The Future of Interstellar Navigation Might be in Following the Stars

Just as sailors can look to constellations for their bearings, interplanetary travelers could use pulsars to navigate the universe.
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Copyright American Institute of Physics (reprinting information

Abigail Malate, Staff Illustrator

(Inside Science) -- Earlier this year, NASA scientists successfully demonstrated navigation using a category of stars known as pulsars. But what are pulsars, and how would they help us pilot deep space?

What Are Pulsars?

Credit: Abigail Malate, Staff Illustrator, Copyright: American Institute of Physics

Pulsars are what happens when a massive star goes supernova and collapses into a neutron star, which keeps on spinning and emitting electromagnetic radiation. Those beams of radiation act like the lamps of a lighthouse, which appear to be flashing at a specific frequency. Certain types of pulsars spin with such regularity that they rival atomic clocks at keeping time.

When we look out into space, we can identify a pulsar by its blinking frequency and the wavelength of the light. These reliable beacons are what the NASA team believes we can use for triangulating our position while traveling through the universe.

Pulsars were first discovered around the time the Pioneer program was preparing Pioneers 10 and 11 for space travel. Knowing that these spacecraft would be the first to leave our solar system, scientists banded together to make the Pioneer Plaques, a set of aluminum plaques intended to bear pictorial messages for extraterrestrials that might find the spacecrafts.

Credit: Abigail Malate, Staff Illustrator, Copyright: American Institute of Physics

The star pattern on the left of the Plaque, animated here, is actually a map of the 14 pulsars known at the time. Each arm of the pattern is a radio line signaling the ticks to tell you the pulse period of each pulsar. With this information, you can triangulate the position of our solar system relative to these 14 pulsars.

Bringing Theory Into Practice

It was this concept of triangulation using pulsars that inspired NASA astrophysicists to test whether pulsars could be used as beacons to navigate in deep space.

On the International Space Station, scientists conducted an experiment known as SEXTANT: Station Explorer for X-Ray Timing and Navigation Technology. With it, the team looked at a subset of five individual pulsars, observing their ticks in the same way we use atomic clocks in GPS technology.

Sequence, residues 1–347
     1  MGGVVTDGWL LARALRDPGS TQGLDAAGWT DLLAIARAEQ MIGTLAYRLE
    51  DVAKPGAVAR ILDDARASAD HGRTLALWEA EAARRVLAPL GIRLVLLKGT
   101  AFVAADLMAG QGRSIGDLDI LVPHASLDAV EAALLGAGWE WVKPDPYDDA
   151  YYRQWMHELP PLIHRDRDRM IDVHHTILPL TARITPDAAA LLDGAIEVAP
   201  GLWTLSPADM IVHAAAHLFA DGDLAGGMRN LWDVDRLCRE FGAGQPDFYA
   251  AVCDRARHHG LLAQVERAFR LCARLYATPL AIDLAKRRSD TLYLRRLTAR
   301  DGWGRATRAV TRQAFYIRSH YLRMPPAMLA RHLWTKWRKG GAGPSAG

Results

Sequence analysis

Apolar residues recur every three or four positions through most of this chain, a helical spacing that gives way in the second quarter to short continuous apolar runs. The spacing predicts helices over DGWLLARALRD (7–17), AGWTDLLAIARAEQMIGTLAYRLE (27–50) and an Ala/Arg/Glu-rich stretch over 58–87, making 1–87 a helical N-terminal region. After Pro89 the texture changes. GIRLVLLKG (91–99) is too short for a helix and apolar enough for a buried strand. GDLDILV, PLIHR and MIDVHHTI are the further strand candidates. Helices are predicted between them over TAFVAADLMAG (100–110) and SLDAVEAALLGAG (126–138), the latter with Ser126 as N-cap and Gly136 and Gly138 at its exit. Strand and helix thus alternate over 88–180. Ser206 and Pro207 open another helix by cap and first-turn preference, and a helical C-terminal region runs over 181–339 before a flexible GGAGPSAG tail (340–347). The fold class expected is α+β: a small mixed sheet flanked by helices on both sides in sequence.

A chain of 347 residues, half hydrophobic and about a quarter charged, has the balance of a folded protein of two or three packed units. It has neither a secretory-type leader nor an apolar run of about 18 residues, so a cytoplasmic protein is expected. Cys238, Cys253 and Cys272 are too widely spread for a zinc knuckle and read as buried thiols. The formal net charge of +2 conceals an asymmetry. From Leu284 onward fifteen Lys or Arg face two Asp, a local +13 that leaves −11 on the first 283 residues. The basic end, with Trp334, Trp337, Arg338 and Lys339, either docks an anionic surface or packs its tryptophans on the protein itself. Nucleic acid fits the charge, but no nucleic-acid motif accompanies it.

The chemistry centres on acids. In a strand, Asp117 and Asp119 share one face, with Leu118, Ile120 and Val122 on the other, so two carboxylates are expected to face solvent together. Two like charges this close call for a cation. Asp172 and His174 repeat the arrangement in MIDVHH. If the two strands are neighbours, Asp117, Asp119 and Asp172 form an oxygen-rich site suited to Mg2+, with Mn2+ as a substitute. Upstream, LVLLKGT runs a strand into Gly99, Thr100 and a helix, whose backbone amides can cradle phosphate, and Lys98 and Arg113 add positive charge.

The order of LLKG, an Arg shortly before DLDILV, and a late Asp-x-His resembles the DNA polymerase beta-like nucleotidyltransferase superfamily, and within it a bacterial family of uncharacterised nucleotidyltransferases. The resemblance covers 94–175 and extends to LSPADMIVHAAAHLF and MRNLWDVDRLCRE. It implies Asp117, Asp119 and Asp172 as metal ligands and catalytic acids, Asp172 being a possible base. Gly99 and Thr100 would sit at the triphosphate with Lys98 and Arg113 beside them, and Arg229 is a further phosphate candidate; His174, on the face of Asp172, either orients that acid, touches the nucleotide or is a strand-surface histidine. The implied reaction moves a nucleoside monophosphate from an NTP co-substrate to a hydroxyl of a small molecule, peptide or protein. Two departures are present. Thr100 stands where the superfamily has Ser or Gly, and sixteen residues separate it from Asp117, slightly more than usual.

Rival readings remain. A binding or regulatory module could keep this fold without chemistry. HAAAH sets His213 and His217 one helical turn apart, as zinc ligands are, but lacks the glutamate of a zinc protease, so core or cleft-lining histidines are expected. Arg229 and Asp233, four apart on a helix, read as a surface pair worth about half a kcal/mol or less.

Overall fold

In this GIF,notice how each star will blink faster as the ISS approaches it, then blink slower as the spacecraft gains more distance.

Credit: Abigail Malate, Staff Illustrator, Copyright: American Institute of Physics

Imagine you're floating in space, and those five pulsars are around you in the distance. As you move, you observe the ticks from these pulsars. If the ticks observed from one pulsar arrive a little early, you're a little closer to it. If the ticks arrive late, that means you're a little further away. Using this technique, you can get a 3-D measurement of your position in the galaxy.

In January 2018, Keith Gendreau, the SEXTANT mission's principle investigator at NASA, announced the first successful demonstration of this technique.

The way the ISS positions itself normally is by calculating its position relative to Earth. In this experiment, scientists turned off that system. In the blue curve above, we see how fast the station's sense of position went awry, with the error increasing consistently every few hours. The green curve represents the navigation when pulsar data was added to the flight software. Here, the positional error stayed within 10 kilometers, or roughly 6 miles -- quite large compared to GPS, but not bad if you are lost in interstellar space.

What Does the Future Hold?

While the system isn't perfect at the moment, the researchers' demonstration proves that this mode of navigation is possible. Scientists hope it can help guide future astronauts traveling to Mars and beyond.

Author Bio & Story Archive

Abigail Malate is a graphic designer at the American Institute of Physics, which produces the editorially independent news service Inside Science.